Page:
Here we are more than 15 years later, and I can still hear the chants from frustrated New Orleans Saints fans inside the Louisiana Superdome.
Needing a win against the Carolina Panthers to keep their playoff chances alive on the final Sunday of the 2002 regular season, the Black and Gold struggled mightily under quarterback Aaron Brooks who played with a bum throwing shoulder.
With each passing minute and failed offensive possession, the cries for change grew louder.
“We want Jake! ... We want Jake! ... We want Jake!’‘
Their pleas went unanswered.
In the end, Coach Jim Haslett stayed with Brooks and kept backup Jake Delhomme on the sideline with the Saints eventually losing the game (10-6) and blowing an opportunity to make the playoffs.
A few months later, Delhomme signed a free-agent contract with the Panthers and guided the young franchise into Super Bowl XXXVIII against the New England Patriots in his very first season.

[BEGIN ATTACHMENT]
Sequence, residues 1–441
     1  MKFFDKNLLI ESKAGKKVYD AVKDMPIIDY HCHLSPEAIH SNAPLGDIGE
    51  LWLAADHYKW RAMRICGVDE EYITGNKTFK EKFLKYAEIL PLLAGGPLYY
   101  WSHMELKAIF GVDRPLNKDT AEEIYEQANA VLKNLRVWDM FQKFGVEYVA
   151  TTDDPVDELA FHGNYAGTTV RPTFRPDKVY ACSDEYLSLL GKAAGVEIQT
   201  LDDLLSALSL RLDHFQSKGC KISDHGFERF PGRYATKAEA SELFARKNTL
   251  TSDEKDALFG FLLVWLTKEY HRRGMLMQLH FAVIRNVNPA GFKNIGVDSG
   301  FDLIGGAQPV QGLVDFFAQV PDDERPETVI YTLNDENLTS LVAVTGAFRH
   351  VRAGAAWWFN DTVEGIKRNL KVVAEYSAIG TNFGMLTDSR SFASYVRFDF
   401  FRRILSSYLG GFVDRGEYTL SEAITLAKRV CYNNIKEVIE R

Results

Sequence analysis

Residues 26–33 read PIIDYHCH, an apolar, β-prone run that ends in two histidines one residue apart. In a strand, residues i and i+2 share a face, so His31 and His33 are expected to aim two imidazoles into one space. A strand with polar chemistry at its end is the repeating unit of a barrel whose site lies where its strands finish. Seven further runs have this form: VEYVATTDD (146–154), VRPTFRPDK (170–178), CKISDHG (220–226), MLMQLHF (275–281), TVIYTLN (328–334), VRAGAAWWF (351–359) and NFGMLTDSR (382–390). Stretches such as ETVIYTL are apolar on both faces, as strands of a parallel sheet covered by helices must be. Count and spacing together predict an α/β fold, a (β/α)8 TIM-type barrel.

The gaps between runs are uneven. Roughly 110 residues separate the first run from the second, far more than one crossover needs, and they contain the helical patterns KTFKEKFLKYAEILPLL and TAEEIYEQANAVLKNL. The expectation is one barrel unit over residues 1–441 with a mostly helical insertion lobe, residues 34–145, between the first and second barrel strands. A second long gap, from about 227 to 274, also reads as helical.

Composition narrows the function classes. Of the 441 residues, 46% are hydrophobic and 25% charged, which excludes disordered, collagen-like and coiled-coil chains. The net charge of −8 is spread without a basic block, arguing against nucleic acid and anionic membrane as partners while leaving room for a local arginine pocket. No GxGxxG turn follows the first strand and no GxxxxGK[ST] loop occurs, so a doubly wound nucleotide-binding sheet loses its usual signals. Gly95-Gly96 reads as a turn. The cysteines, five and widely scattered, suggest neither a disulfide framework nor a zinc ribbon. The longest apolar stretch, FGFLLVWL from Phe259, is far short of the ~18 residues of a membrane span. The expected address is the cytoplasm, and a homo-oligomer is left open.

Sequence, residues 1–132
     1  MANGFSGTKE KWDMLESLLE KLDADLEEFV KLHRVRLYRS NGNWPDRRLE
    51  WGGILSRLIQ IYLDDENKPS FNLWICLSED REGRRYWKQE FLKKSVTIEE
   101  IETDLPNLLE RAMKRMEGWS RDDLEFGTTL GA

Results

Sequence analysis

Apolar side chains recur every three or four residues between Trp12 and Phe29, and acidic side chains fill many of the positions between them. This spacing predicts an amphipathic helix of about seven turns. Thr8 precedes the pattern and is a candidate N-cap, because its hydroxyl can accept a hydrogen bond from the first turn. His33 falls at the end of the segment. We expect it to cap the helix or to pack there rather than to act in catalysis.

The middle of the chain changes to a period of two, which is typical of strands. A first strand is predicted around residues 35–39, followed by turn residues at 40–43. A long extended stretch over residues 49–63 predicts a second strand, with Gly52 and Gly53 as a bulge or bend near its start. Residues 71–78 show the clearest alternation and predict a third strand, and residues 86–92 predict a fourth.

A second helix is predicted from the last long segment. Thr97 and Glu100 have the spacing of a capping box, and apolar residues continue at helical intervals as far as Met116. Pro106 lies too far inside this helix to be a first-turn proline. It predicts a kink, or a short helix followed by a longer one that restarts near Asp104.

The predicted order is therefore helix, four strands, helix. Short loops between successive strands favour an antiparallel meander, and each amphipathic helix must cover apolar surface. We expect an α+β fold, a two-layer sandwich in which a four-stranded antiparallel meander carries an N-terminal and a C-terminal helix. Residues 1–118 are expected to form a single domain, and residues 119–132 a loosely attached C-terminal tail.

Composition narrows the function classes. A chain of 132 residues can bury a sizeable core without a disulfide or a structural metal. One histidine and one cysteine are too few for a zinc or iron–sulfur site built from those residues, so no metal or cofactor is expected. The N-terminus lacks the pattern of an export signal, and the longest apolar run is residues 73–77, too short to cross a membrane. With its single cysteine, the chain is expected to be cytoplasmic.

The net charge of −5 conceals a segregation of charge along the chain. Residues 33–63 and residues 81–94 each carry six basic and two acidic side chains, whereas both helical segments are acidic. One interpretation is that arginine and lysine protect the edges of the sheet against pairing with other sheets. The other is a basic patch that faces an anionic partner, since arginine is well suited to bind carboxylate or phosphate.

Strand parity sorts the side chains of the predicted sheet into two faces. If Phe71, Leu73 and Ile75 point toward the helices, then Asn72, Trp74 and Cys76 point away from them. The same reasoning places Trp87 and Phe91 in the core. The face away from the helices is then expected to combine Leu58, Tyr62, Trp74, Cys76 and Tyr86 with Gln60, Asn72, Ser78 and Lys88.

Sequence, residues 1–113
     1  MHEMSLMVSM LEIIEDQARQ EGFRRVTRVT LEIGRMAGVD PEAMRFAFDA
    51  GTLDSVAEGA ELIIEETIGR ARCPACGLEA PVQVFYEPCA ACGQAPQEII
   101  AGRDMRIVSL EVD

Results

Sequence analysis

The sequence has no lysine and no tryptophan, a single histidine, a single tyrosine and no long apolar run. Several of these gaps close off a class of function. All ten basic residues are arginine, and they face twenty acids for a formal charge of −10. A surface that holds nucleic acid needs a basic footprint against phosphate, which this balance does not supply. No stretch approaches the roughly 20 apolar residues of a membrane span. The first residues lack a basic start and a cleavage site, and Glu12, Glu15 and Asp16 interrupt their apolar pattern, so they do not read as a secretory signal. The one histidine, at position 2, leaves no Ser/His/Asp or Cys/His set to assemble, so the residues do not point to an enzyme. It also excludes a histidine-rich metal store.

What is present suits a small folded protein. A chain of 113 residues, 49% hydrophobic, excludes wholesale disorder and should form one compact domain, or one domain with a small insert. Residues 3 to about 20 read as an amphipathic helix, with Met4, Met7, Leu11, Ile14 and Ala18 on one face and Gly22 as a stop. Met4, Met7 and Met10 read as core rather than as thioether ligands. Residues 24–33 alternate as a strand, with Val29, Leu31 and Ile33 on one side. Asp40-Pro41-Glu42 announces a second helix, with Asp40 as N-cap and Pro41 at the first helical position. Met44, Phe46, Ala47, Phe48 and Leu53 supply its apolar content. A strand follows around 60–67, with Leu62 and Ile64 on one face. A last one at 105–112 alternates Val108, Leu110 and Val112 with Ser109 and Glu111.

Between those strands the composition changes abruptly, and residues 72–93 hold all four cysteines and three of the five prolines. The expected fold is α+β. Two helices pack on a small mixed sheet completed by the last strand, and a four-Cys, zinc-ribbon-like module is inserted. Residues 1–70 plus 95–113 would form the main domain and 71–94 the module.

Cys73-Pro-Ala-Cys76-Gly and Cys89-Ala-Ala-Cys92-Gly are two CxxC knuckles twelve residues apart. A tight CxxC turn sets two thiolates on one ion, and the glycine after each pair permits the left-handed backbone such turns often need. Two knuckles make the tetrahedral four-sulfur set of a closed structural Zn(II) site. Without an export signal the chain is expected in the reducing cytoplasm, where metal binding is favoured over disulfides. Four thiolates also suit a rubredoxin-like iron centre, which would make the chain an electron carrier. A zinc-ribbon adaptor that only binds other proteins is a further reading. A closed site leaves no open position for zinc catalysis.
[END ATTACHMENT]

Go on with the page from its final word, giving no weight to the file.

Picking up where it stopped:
The rest is history.
At some point this season, Delhomme will be inducted into the Panthers prestigious Hall of Honor, largely because of seven stellar seasons in the Queen City (2003-’09) but also because of a long-standing love affair with an organization and its fan base.
To Delhomme, the pride of Breaux Bridge, Louisiana and a Cajun through and through, the city of Charlotte became a second home to his young family.
I’m not saying that Delhomme was the long-term answer in New Orleans. In fact, he would have been foolish not to leave New Orleans and pursue a starting opportunity in Carolina or Dallas. But he certainly should have replaced Brooks in the ‘02 regular-season finale with a playoff bid hanging in the balance.
That said, I truly believe Haslett’s reluctance to make a quarterback change during the ‘02 season proved to be the beginning of the end for him — and Brooks — in New Orleans. The Hurricane Katrina season of 2005 sealed the deal.
Delhomme, now 44, is spending his post-NFL career following in the footsteps of his father, breeding, buying and selling race horses.
In a sense, he, too, was a longshot to make it in the NFL. In high school, he made the Louisiana All-State team; not as a quarterback but as a defensive back. Despite setting numerous records at the University of Southwestern Louisiana, he eventually signed with the Saints in 1997 as an undrafted free agent. After several stints on the Saints practice squad and competing in NFL Europe, Delhomme earned a roster spot in New Orleans behind Jeff Blake and Brooks.
And now, Delhomme is on the verge of cashing yet another winning ticket.